“Traditional wireless telemetry systems are often restricted to certain areas or floors of a hospital because the signals are limited,” the ASHE said. “MBANs would not have that issue, so patients could be placed in the hospital unit based on their specific medical condition, rather than based on a unit's wireless monitoring capability.”
Still, one concern is that the spectrum that the FCC has proposed for use by MBAN technology is also used by aeronautical telemetry. It has been used almost exclusively by commercial test pilots, according to the FCC.
The appointed MBAN frequency coordinator would need to “work with hospitals and MBANs manufacturers to ensure that medical telemetry does not interfere with aeronautical telemetry, such as data collected from test flights,” the ASHE said.
For device manufacturers, the proposed rule, which won't publicly be available until May 24, provides clarity about the regulations behind the development of these kinds of devices.
It also presents market opportunities for the manufacturers that would develop MBAN technology.
“MBANs provide a cost-effective way to monitor every patient in a healthcare institution, so they can provide real-time and accurate data, allowing doctors and nurses to identify life-threatening problems or events before they occur,” Genachowski said in his remarks.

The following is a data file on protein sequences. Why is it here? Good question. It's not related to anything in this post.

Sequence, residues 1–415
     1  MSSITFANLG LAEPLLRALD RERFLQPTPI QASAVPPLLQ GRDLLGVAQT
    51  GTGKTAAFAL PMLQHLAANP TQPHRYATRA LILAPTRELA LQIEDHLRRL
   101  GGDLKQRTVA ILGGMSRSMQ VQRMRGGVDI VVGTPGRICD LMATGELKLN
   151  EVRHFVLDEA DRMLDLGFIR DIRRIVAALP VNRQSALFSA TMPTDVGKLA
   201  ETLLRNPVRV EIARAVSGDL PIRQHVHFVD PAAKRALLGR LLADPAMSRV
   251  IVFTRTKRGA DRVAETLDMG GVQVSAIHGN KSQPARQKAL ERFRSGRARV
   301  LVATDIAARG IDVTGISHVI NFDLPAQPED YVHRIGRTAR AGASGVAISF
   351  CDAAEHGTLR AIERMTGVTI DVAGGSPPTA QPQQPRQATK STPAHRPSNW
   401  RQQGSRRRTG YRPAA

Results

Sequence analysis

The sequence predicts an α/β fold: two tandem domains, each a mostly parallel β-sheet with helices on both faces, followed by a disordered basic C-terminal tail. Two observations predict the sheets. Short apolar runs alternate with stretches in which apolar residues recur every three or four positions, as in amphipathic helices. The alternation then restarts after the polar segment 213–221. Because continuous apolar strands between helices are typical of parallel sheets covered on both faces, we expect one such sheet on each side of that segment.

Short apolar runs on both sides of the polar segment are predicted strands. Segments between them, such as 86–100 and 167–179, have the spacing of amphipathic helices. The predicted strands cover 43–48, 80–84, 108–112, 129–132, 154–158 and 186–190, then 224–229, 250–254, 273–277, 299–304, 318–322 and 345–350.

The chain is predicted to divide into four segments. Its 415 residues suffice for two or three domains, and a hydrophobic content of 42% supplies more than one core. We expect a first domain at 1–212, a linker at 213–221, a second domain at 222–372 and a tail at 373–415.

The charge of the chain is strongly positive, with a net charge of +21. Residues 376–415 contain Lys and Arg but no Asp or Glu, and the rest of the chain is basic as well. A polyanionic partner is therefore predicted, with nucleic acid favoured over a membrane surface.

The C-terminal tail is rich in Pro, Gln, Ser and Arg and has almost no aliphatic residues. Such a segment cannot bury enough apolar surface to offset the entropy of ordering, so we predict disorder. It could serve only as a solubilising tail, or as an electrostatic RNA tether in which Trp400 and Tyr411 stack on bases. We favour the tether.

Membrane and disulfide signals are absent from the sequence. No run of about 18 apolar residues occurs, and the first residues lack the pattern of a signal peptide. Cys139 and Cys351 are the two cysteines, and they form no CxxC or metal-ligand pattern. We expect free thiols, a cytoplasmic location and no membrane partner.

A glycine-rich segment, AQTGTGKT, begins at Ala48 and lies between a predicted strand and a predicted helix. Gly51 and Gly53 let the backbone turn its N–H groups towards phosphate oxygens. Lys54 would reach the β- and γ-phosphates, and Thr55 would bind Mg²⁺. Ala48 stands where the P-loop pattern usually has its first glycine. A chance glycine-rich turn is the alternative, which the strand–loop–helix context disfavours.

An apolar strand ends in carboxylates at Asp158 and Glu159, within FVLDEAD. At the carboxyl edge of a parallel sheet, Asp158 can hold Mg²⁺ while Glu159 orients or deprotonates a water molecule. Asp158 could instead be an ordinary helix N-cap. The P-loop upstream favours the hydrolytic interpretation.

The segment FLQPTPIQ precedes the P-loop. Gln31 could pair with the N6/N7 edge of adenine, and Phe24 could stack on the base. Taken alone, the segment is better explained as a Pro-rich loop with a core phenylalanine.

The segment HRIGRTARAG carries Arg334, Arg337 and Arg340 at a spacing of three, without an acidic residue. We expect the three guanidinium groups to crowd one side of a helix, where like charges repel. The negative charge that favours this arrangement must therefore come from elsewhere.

He also said the FCC is considering the adoption of new rules that would permit more intensive use of spectrum for wireless medical devices
Genachowski cited studies finding that half of hospital patients are not monitored and that a monitored hospital patient has a 48% chance of surviving cardiac arrest, while unmonitored patients have only a 6% chance of survival.
The devices can “provide the best quality monitoring at the lowest possible cost,” GE Healthcare's Grubis said. “It brings our customers a new level of being able to care for their patients.”
GE Healthcare and Philips Healthcare said they have technology in development that would use the newly allocated MBAN spectrum if the proposal is approved by the FCC.
A spokesman for Philips Healthcare's patient care and clinical informatics business unit said the company is developing a respiratory monitoring sensor and plans to submit the device to the Food and Drug Administration for clearance this year.
The market for MBAN technology could be in the hundreds of millions of dollars, said Anthony Jones, chief marketing officer for Philips Healthcare's patient care and clinical informatics unit.